Gardner: Looking again at this volatile stock, yeah, I picked it at $52 a year ago. It hit 80 by February. I was feeling really good. The stock is now at $22. $80 to $22 in just seven or eight months. It has been a remarkable decline. At the same time, the stock bottomed at about $11 in August, and it's now at $22, so it's doubled over the last three months. Again, what we're seeing here are Rule Breakers and the volatility that the market often can send these kinds of companies through. You have to keep breathing, keep holding. We're going to lose. I've definitely lost a lot as an investor. I talk about that a lot on this podcast. But the winners tend to wipe out those losers. It'll be interesting where 2U goes from here.

Chip Paucek, the CEO, appeared at FoolFest this year. I interviewed him somewhere around May. The stock had dropped down, it was around $45 then. It's $22 today. But, again, bouncing from $11 in August. It is a company that's more of a local greater D.C. area company, and one that, whenever I talk to employees, they're like, "I love working there." So, that seems to bode well. But boy, has this been a dog. Cut in half of this stock that got trouble, my friend. You got trouble right here in River City.

Alright, so that was the best and the worst. I'll just mention in passing, Trex is up 48%. Teladoc is up 36%. Take-Two Interactive is up 15%. Emily, of those -- Trex, Teladoc, Take-Two -- do you have any takes you want to share on any of those?

Flippen: Yeah. Take-Two is an interesting one because not only was the market volatile this time last year, but there was a lot of hate for gaming companies because of Fortnite.

Gardner: I remember that. 2018 was the year that Fortnite was the only game anybody was apparently playing.

Flippen: Exactly. Take-Two interactive was a timely thing. Maybe hasn't performed as well as Teladoc and Trex, I think it is still so competitively positioned given the skepticism that still exists in the gaming industry today.

Gardner: Alright, so when you take this five-stock sampler -- again, we're just one year in. We generally target three years, as I have for this one. We're one year in, and on average, these stocks are up 28.4%, with the market up 15.5%. So I'm really happy to say we're up basically 13% for this five-stock sampler taken all in all, including a real dog loser in 2U and a pretty impressive winner that I'm just hoping actually can move up before the end of this show, so that I can claim a double on The Trade Desk despite it losing a third of its value in early fall. So, Five Stocks That Got Trouble.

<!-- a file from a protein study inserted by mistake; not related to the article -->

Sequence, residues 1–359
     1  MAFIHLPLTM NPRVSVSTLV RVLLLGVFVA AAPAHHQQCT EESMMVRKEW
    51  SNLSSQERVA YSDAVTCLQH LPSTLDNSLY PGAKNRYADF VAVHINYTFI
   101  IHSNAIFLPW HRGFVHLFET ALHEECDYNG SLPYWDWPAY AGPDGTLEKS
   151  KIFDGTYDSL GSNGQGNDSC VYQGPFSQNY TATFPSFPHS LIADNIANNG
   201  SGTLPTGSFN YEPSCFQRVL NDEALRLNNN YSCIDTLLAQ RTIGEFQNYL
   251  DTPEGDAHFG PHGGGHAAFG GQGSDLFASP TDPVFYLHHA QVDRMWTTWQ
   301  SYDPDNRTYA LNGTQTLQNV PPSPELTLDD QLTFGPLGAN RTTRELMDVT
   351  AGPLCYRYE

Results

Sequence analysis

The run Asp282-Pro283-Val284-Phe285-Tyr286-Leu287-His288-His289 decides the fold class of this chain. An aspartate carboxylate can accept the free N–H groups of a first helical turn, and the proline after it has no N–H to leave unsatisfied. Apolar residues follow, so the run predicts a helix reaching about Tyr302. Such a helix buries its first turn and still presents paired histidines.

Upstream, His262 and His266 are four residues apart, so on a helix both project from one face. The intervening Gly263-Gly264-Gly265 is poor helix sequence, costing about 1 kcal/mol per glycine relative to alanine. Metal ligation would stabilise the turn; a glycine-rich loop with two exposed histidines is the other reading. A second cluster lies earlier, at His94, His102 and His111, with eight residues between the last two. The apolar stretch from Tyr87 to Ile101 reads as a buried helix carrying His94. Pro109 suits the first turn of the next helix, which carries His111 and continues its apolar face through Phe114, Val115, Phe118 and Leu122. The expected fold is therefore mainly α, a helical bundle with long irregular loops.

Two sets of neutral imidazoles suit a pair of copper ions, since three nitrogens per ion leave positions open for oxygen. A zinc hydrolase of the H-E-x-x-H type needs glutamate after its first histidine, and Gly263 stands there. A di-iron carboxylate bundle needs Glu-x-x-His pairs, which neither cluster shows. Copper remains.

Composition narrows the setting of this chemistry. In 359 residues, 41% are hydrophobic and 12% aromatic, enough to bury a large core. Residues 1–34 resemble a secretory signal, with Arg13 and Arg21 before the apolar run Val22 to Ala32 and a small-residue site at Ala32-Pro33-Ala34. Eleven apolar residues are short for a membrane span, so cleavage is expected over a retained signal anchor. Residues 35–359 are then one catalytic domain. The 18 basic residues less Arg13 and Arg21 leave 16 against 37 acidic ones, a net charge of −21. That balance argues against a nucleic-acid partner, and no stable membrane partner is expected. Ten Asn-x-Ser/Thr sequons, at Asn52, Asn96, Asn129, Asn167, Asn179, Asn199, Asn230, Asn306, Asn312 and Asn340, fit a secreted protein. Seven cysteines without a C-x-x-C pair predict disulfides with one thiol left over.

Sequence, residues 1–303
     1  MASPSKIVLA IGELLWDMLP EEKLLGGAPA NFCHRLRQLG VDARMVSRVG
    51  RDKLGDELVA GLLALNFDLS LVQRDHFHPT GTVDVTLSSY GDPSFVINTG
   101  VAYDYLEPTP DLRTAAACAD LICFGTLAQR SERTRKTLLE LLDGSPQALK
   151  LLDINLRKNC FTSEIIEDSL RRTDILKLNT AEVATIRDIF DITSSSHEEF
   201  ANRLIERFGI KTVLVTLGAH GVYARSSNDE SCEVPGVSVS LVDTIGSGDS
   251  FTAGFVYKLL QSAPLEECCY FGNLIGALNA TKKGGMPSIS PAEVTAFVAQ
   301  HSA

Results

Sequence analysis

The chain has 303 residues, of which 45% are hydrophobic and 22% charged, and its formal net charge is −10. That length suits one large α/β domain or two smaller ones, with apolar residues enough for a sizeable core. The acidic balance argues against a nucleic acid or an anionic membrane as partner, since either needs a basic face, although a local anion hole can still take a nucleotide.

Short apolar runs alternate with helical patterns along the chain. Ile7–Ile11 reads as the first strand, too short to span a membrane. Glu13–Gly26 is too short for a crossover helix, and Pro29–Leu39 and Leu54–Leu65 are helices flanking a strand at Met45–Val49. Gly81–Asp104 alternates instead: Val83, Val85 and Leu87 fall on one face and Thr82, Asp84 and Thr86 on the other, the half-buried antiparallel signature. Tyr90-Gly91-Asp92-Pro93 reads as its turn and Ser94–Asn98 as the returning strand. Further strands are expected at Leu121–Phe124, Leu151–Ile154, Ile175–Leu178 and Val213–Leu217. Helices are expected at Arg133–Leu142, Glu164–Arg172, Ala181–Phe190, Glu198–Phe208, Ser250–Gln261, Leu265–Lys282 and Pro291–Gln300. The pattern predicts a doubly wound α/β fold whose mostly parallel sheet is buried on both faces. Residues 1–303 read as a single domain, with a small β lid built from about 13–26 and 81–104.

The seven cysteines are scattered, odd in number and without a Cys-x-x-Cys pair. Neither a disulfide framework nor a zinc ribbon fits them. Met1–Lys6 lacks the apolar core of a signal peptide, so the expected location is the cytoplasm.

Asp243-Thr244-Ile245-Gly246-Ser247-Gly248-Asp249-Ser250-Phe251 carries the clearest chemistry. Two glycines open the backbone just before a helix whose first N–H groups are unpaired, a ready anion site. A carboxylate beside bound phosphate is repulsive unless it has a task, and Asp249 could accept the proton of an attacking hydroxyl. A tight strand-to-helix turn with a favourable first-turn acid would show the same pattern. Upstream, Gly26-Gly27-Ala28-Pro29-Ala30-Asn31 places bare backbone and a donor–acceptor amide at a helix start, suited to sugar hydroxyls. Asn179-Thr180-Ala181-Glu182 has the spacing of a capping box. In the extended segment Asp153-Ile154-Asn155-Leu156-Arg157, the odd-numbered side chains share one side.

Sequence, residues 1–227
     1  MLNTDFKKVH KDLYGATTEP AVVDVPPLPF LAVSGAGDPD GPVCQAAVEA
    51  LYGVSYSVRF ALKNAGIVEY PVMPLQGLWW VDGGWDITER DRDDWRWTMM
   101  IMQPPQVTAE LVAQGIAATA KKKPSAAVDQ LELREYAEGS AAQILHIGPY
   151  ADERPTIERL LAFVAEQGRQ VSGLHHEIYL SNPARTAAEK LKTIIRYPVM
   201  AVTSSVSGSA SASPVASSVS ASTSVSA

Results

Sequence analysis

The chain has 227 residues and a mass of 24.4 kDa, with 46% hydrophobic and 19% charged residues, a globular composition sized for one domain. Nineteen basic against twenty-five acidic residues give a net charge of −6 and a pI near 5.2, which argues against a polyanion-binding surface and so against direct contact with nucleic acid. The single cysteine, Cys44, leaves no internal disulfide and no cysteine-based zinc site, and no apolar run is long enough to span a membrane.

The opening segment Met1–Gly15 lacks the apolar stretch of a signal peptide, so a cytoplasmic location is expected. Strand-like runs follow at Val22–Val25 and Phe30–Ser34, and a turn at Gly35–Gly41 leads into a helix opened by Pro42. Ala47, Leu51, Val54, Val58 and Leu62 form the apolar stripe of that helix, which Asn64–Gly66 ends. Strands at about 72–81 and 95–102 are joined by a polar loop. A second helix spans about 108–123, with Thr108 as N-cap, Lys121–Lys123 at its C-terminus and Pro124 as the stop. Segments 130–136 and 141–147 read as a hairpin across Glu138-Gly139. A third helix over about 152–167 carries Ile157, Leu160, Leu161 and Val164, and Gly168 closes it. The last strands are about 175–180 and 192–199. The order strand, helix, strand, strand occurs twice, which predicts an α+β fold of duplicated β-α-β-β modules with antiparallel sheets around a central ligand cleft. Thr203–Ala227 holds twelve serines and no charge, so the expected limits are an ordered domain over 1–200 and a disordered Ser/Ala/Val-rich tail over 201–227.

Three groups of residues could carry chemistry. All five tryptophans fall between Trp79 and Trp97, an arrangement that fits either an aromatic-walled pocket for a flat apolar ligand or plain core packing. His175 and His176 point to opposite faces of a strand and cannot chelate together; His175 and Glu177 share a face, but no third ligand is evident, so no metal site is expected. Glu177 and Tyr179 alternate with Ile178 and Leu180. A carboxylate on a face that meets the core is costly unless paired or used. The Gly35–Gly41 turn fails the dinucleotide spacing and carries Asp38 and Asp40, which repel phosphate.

I guess a final thought there is, that was a fun list for me. I think it's really cool to look at companies that have long winning streaks and then recent highs but have dropped 20% or more. And the market afforded us that opportunity near the end of last year. And we took advantage of it. And these stocks, well beating the market.

Alright, now let's go further back in time. Two years ago, this week-ish. It was November 22nd, 2017. I note, Emily, in passing, that it was the day before Thanksgiving. We probably taped the show the week before, just like we're taping our mailbag this month this week, not next, so that we can all enjoy our Thanksgiving and not have to be doing a podcast. But, again, two years ago this week, it was Thanksgiving that week. So we published Five Stocks That Let You Eat Cake the day before Thanksgiving.

Now, at the top of the show, I mentioned that these are stocks where you can have your cake and eat it, too. A lot of people have a trade-off mentality in my experience in life. They think this one or that one, but you couldn't have both. I'm always trying to have both whenever I can. So I gave the punchline of Amazon -- would you rather have a great e-commerce company or the world's No. 1 cloud computing company? The answer is, you can have both. Another example might be -- and this is true of another of the stocks, Emily, in the sample -- would you rather have a safer company, a lower-risk company, or a dramatic out-performer? Which one would you rather have, Emily?

Flippen: I'd rather have both, David.